Subway has to use special ruler in stores

PUBLISHED:Oct 21, 2015 | UPDATED:02:27 PM, Oct 21, 2015

Subway employees will have to use a ruler to prove the chain is serving foot long sandwiches after a lawsuit found they were only 11 inches. 

The world's largest fast food chain came under fire two years ago when a photo showing one of its sandwiches next to a tape measure went viral, which revealed it was just 11 inches.

This led to a class-action lawsuit from Subway consumers who said they were cheated out of an inch of their sandwiches. 
Subway will now ensure their restaurants are adhering to the new rules and selling the correct length sandwiches.


Two years ago, Australian Matt Corby posted this picture of a Subway sandwich on Facebook with a ruler on top showing the sandwich barely stretched 11 inches. The photo went viral and led to a class-action lawsuit


The furore started in 2013 when Australian Matt Corby, uploaded a picture of a Subway sandwich to Facebook with a ruler on top showing the sandwich at 11 inches. 

Separate lawsuits were then filed by plaintiffs in Chicago and on the East Coast, each seeking damages over a missing inch or more.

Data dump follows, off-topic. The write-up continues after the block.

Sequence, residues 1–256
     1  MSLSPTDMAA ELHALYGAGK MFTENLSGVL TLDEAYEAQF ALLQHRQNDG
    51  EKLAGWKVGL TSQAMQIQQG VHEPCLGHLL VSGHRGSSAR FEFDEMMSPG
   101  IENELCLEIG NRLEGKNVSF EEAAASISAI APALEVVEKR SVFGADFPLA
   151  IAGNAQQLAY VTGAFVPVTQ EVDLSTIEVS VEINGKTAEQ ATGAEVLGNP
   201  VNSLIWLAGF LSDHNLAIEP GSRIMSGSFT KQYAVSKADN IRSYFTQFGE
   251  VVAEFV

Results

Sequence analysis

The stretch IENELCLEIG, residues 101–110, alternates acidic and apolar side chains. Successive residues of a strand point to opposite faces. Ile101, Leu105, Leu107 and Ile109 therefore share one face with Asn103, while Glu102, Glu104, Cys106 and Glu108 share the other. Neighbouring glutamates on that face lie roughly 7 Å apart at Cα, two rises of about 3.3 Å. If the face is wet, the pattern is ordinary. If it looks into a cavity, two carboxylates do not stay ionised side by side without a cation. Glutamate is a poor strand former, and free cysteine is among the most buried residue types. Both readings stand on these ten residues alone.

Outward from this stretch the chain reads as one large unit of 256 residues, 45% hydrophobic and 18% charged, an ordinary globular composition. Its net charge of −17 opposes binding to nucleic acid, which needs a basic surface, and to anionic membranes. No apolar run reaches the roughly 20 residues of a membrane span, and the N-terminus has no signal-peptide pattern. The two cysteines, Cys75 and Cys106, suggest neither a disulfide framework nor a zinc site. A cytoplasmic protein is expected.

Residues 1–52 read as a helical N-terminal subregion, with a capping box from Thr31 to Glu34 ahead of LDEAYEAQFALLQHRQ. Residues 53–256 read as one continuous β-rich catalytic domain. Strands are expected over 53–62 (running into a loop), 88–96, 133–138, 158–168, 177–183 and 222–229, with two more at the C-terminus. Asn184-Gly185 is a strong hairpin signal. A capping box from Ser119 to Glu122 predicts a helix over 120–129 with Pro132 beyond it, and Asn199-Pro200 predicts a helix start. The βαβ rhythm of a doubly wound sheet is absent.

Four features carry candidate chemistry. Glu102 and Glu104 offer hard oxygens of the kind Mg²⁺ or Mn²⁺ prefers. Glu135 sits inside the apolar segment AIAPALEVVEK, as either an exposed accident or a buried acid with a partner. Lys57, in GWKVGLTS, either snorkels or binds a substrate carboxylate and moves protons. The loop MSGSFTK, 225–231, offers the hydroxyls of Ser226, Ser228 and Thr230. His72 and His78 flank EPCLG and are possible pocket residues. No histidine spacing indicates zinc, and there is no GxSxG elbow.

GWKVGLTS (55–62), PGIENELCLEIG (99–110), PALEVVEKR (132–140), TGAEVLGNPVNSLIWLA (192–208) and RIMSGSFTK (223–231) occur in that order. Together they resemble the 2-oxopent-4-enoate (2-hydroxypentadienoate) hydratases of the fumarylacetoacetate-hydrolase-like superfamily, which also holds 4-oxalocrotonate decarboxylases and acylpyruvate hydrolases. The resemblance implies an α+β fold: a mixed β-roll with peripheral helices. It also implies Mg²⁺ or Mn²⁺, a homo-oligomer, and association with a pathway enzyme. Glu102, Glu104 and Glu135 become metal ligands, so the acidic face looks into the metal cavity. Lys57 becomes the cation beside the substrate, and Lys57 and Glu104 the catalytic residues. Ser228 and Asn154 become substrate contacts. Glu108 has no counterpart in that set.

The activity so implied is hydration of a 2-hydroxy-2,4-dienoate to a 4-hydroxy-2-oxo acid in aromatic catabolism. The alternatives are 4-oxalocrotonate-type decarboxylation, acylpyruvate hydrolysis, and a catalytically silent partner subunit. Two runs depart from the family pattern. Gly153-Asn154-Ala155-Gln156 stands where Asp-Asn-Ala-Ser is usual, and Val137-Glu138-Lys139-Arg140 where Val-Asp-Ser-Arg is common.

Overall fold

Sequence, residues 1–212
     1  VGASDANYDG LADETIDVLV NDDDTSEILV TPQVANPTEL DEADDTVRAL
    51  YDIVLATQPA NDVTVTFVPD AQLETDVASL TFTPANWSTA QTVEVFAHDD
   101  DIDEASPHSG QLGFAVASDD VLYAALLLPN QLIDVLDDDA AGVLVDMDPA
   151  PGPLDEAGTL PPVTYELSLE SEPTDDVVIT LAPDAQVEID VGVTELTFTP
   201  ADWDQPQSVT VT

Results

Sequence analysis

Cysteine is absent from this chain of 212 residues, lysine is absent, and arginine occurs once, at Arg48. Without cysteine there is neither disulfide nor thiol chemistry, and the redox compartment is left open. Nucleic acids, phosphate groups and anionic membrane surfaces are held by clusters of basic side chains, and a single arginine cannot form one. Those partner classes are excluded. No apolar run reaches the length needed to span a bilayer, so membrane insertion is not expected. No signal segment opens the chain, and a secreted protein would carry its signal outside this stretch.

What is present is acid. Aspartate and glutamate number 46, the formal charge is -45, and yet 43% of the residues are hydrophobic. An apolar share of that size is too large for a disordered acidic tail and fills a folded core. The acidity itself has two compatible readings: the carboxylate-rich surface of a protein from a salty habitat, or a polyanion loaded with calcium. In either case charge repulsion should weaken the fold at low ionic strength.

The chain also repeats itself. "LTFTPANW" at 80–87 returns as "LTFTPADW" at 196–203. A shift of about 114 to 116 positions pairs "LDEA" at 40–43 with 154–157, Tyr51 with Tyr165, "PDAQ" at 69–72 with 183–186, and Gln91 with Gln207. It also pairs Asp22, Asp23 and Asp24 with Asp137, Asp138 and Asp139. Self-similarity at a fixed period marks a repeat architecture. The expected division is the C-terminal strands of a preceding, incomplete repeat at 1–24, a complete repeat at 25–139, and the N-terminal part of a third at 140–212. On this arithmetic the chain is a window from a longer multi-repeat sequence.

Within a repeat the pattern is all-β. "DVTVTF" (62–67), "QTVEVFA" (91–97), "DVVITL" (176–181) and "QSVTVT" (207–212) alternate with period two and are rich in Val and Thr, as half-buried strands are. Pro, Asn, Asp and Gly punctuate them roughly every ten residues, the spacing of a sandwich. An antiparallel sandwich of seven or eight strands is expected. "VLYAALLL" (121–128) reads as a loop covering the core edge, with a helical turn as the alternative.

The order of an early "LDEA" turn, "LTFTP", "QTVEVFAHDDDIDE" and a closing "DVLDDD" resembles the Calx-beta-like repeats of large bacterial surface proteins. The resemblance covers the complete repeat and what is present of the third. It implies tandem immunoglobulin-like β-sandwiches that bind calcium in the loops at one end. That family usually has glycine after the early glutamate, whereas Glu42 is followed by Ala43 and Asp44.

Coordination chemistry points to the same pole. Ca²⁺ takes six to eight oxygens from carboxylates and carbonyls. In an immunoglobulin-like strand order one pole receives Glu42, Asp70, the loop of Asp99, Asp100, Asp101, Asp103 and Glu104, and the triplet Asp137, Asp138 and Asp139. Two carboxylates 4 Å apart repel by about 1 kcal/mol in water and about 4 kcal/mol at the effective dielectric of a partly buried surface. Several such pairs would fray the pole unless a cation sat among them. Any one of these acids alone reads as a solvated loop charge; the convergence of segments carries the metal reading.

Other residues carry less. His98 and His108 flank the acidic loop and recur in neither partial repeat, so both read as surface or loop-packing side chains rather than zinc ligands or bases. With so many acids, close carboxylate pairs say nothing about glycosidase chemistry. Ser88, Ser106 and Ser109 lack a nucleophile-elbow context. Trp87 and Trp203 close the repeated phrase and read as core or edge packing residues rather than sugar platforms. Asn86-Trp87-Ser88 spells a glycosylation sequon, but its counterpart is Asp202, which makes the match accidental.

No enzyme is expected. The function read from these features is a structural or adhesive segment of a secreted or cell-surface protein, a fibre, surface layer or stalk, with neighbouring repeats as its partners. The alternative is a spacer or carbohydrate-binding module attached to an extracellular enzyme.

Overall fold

A lawsuit in Chicago was brought by Nguyen Buren, who claimed his Subway was less than 11 inches long and alleged a 'pattern of fraudulent, deceptive and otherwise improper advertising, sales and marketing practices'.

Attorney Tom Zimmerman, who is representing Mr Buren against Subway parent Doctor's Associations Inc, was quoted in the Chicago Tribune as saying: 'This is no different than if you bought a dozen eggs and they gave you 11 or you bought a dozen doughnuts and they gave you 11. It's no different, and yet you're paying for 12.'  

At the same time, two men filed a similar suit in New Jersey state court, seeking damages in excess of $5 million. 
Mr Zimmerman said he hopes their suit will be withdrawn and moved to federal court so they can be combined.


Subway employees (stock image) will have to use a ruler to prove they are serving foot long sandwiches


Subway consumers filed a lawsuit after they said they were cheated out of an inch of their sandwiches


As part of the new proposals, Subway will provide new training materials to make sure staff sell the full 12 inch sandwich. 

Subway will also enforce stricter penalties to stores that fail to meet the new standards.

A hearing for final approval of the terms has been set for January 2016.  

It had previously responded to the original complaint made in Australia. 

A spokesman said: 'We have redoubled our efforts to ensure consistency and correct length in every sandwich we serve.
Our commitment remains steadfast to ensure that every Subway Footlong sandwich is 12 inches at each location worldwide.'



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